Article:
The Digital Powerwash
Are the Digital Tools You Employ Reflecting Your Values?
The process of digitalisation in organisations leads to numerous questions. For example, how well will a (software) tool perform its required functionality? How does it integrate with established processes? How much money does it cost to implement? And what about maintenance?
Yet one question often seems to be forgotten: Does the (software) tool, as we employ it, reflect the values of our organisation?
This question has become increasingly important with the rampant data gathering, hoarding, and, frankly, abuse of technology by big multinational technology corporations. Do we really want to employ digital tools created by companies with values often diametrically opposed to those of our own organisation?
Finding out if software tools reflect your values
This question may not be a top priority for private commercial organisations yet, but it is a very valid and important question for public organisations with responsibilities beyond profit making. These organisations, which we term «values-led organizations» (Bogaerts et al., 2023), include municipal governments, state agencies,
They are expected and often
required by law to commit
to uphold, and protect values
such as transparency and
public broadcasters, educational (research) institutions, libraries, archives, healthcare institutions, cultural organisations, and NGOs. They are expected and often required by law to commit to, uphold, and protect values such as transparency and accountability.
‹The Digital Powerwash› is the name of a practical approach striving to ‹quantify› how well a pre-determined set of public values is reflected in a (software) tool. It originated from the Dutch public broadcaster VPRO and is currently being developed by PublicSpaces, a non-profit foundation in The Netherlands consisting of more than forty different organisations. At the moment, 17 organisations have used the approach to investigate more than 40 different (software) tools: e.g., for content management, videoconferencing, and data analysis.
How ‹the digital powerwash› works
Angela Zuyderwijk, IT project manager at The Amsterdam Public Library (OBA) has been using ‹The Digital Powerwash› to support the library’s mission for a year now: «As a library with 27 locations throughout Amsterdam and limited resources, we are always looking for instruments that can help us achieve our mission: to ensure all inhabitants can participate in our information society and no one is left behind» (A. Zuyderwijk, personal communication, January 28, 2023)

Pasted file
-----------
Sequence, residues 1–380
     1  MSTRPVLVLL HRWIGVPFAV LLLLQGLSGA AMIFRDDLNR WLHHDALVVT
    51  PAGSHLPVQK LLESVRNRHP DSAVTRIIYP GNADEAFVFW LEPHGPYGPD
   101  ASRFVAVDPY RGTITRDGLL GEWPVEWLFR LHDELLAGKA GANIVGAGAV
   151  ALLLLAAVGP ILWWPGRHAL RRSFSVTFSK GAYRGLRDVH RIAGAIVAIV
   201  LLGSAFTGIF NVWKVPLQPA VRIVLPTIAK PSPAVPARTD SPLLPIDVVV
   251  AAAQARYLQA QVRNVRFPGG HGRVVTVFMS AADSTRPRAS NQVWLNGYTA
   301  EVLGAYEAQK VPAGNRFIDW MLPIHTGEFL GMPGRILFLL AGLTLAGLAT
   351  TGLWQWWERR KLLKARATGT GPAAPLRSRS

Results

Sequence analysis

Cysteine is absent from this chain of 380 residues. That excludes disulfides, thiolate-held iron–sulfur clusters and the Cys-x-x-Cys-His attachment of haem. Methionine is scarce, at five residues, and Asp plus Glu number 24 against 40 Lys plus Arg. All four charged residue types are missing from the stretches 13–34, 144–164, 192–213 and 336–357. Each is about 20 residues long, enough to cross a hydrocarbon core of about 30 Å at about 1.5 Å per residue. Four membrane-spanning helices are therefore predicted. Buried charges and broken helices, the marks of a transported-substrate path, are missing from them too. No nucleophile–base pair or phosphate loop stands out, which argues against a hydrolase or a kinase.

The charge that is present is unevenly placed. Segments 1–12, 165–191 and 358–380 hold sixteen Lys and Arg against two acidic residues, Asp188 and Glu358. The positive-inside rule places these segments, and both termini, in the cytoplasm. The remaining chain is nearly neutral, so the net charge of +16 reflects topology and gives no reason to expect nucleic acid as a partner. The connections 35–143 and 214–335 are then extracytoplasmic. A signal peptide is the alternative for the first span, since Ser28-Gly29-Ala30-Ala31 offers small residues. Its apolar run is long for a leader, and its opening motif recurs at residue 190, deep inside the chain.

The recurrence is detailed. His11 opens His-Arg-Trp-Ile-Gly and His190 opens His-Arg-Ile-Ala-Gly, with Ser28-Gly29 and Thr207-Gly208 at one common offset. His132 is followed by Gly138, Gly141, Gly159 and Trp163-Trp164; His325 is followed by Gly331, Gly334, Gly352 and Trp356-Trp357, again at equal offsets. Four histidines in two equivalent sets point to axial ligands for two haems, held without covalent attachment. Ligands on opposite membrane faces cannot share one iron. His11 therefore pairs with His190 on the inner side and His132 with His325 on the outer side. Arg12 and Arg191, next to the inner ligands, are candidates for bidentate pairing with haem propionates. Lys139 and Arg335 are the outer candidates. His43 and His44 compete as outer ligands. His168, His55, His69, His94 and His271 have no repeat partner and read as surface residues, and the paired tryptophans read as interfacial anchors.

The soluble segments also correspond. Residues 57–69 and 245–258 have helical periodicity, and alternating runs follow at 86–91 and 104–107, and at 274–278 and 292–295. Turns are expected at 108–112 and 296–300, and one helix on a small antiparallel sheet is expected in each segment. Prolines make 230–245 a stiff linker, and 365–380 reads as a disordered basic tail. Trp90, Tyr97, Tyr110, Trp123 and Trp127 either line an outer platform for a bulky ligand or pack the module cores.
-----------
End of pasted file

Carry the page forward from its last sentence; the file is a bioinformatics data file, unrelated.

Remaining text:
‹The Digital Powerwash› consists of three elements: a questionnaire with 25 questions (PublicSpaces, n.d.), a website to publicly share results, and a digital badge to publicly display participation in the ‹The Digital Powerwash›. It builds upon the PublicSpaces manifesto, which, among other things, describes a set of five public values: ‹Openness›, ‹Transparency›, ‹Accountability›, ‹Sovereignty›, and ‹User Centrism› (PublicSpaces, 2021). Organisations choose one or more (software) tools to self-audit using the questionnaire. Each audit results in a score indicating how well a tested (software) tool aligns with the described values.
«We already have a set application landscape with numerous agreements with suppliers. It will not be possible to turn this whole landscape upside down overnight. There are situations in which we cannot see any other option than to use products or services from Bigtech. We can, however, measure to what extent the values of the application correspond to those of the OBA, start conversations with existing suppliers, test every possible new application, be as transparent as possible about our choices and open for suggestions.» (A. Zuyderwijk, personal communication, January 28, 2023)
Test results must be shared with PublicSpaces and are published on ‹The Digital Powerwash› website. After having tested and published the results of at least one (software) tool, a participating organisation may display the PublicSpaces badge. Participation is mandatory for organisations that are part of the PublicSpaces coalition. «Participation in ‹The Digital Powerwash› has contributed to more responsible application use. We’ve noticed an increase in knowledge and awareness. It enables us to make an informed decision per application and thus slowly reshape our architecture.» (A. Zuyderwijk, personal communication, January 28, 2023)
Lessons learned and next steps
‹The Digital Powerwash› helps in raising awareness and starting conversations within an organisation about (software) tools and how these relate to the values of the organisation. It does not yet function as an instrument ‹quantifying› how well a certain pre-determined set of public values is reflected in a (software) tool,
The Digital Powerwash helps
in raising awareness.
which would be useful when selecting value-based (software) tools or as a benchmark, two of PublicSpaces’ goals.
We have set up an open and public process to revise the questionnaire into two tools: a conversation starter and an instrument striving to ‹quantify› how well a certain pre-determined set of public values is reflected in a (software) tool. We would like to investigate how we may adjust or extend the current set of five public values. We have started conversations with academic institutions in Utrecht interested in the approach and strive towards collaborating with them. Ultimately, PublicSpaces’ goal with ‹The Digital Powerwash› is to help public organisations transform their digital environment into healthy public-values-based digital environments.